Why Tenant Insurance, and Why You Need It
Tuesday, June 11, 2013
Whether you’re new to homeownership or are purchasing a residence for the first time, many Canadians understand that home insurance is something that's required for them to purchase, as this is a coverage that lenders typically require before they approve a mortgage. Renters, meanwhile, don't need coverage in order to live in an apartment. Whether it's Alberta tenant insurance or some other place in the country, ultimately the only thing a renter needs is a job and good credit.
But as the Insurance Bureau of Canada points out, it would behoove renters to purchase a tenant insurance plan, as the consequences of not doing so can be extraordinary.
Some people are under the impression that if their landlord is insured, that also means that they're covered as well. In reality, the landlord's insurance is strictly for the structure of the building in the event there is a fire or some type of environmental catastrophe takes place in Alberta. It doesn't cover the contents of what's inside the residence, though.
Tenant insurance replaces belongings that are damaged, stolen
That's where tenant insurance comes in. As IBC points out, this type of coverage replaces a renter's belongings should they be damaged after a flood, weather disaster or a fire. Over the course of time spent living in an apartment, a lot of expensive things may be accumulated. If these items are stolen or destroyed, replacing them without a policy in place can be extremely expensive. But tenant insurance can give renters the sense of assurance and comfort that they will be financially compensated if their belongings are lost or destroyed.
But it's not just the replacement of belongings that tenant insurance provides for. IBC notes that depending on the situation, some tenants may need to abandon their apartment after a fire or weather disaster because the damage renders the structure uninhabitable. If renters aren't able to secure housing with family or friends, they may have to pay for living expenses in a hotel or motel.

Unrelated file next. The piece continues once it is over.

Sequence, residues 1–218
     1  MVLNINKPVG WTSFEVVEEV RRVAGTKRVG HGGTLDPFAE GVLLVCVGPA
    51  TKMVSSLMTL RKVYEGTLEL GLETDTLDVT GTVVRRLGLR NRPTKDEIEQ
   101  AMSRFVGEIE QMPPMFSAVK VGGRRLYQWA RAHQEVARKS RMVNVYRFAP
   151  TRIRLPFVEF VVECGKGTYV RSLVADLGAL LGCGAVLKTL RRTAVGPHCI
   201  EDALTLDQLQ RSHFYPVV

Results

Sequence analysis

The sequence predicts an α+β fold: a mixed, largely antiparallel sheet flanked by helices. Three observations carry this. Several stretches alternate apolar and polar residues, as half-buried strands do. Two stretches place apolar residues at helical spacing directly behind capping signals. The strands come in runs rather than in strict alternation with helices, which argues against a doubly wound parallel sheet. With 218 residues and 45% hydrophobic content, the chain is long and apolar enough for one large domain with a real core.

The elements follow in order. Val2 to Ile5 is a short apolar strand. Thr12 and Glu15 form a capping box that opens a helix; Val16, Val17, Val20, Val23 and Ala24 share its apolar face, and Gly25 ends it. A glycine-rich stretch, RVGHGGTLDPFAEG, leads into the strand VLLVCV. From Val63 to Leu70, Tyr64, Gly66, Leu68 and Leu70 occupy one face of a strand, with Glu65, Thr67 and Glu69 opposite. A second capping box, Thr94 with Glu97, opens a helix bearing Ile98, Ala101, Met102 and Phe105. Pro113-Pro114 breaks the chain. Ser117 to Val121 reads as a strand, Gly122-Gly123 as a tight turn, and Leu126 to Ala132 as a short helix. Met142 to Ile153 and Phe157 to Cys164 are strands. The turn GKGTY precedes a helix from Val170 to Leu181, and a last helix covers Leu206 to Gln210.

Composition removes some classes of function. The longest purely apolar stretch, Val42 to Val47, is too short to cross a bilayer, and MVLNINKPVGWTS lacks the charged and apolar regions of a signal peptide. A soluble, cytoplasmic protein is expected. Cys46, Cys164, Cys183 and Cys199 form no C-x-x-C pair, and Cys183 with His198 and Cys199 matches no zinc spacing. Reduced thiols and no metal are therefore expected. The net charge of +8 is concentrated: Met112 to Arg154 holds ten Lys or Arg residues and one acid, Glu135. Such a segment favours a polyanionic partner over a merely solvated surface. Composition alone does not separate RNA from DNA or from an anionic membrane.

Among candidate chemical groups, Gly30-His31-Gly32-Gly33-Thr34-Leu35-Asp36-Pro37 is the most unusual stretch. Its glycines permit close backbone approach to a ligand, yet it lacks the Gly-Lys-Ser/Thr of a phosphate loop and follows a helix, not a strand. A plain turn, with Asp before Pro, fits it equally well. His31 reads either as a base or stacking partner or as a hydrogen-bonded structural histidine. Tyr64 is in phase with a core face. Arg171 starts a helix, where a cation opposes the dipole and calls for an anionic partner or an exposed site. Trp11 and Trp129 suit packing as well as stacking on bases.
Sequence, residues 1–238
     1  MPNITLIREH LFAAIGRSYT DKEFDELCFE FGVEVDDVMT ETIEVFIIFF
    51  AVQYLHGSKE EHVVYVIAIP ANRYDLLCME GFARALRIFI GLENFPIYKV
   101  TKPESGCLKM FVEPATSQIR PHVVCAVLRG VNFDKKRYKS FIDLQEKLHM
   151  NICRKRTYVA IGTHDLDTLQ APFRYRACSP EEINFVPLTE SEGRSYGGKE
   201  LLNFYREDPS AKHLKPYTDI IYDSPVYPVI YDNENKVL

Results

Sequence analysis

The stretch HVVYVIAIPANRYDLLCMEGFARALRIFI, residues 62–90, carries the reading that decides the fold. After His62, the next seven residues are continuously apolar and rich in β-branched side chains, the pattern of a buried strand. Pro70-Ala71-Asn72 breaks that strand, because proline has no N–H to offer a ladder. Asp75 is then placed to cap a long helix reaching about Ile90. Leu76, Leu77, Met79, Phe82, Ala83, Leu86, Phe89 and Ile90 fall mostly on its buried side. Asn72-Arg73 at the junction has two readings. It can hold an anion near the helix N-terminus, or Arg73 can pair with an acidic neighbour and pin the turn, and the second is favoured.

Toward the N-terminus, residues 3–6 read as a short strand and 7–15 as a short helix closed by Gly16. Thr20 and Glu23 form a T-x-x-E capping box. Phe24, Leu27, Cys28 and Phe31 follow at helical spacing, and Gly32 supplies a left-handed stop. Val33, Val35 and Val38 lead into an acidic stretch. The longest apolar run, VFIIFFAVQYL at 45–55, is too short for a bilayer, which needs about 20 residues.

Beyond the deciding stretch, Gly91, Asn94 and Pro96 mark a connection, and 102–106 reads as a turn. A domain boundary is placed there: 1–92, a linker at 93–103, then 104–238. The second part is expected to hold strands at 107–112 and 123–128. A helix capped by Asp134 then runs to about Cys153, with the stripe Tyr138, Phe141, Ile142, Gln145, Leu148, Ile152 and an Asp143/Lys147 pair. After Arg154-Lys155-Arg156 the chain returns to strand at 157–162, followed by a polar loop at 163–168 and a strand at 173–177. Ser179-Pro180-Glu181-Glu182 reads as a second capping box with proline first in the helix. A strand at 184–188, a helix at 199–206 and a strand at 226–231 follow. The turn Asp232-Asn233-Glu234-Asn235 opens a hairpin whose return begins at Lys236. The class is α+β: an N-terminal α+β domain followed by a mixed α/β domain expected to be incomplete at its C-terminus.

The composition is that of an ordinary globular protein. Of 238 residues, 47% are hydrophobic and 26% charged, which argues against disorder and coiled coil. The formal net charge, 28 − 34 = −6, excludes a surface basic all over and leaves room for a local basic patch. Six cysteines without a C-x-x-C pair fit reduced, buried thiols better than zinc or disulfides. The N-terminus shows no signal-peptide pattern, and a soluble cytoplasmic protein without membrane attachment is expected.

Once again, tenant insurance takes care of these costs as well. While the apartment is being repaired, these policies may pay for hotel bills, food bills at restaurants and associated moving costs, the limits of which depend on the policy.
Liability covered under tenant insurance
Another benefit of home insurance is that it pays for incidents wherein the policyholder may be to blame. For instance, if a friend of theirs comes to the home and falls after slipping on an icy driveway, the injured party could sue them for what medical costs result. Their plan will help provide for the what liability costs arise.
Tenant insurance works the same way. If someone is injured while in a policyholder's unit, tenant insurance will provide them with the financial compensation they need to pay for what medical costs result.
Similarly, if a fire breaks out within a unit, causing damage to the other tenants' belongings, they could be sued for that as well. With a policy in place, though, these potential expenses are provided for.
One of the benefits of renting is that for the most part, it helps keep the tenant's living expenses low, as some of their monthly rent often includes utilities like heating, water and electricity.
This ought to leave plenty left over for tenant insurance, which is traditionally very affordable. Despite this, many Canadians don't bother purchasing a policy. According to a recent poll conducted by Environics Research Group, nearly 50 percent of renters under the age of 35 don't have a plan in place.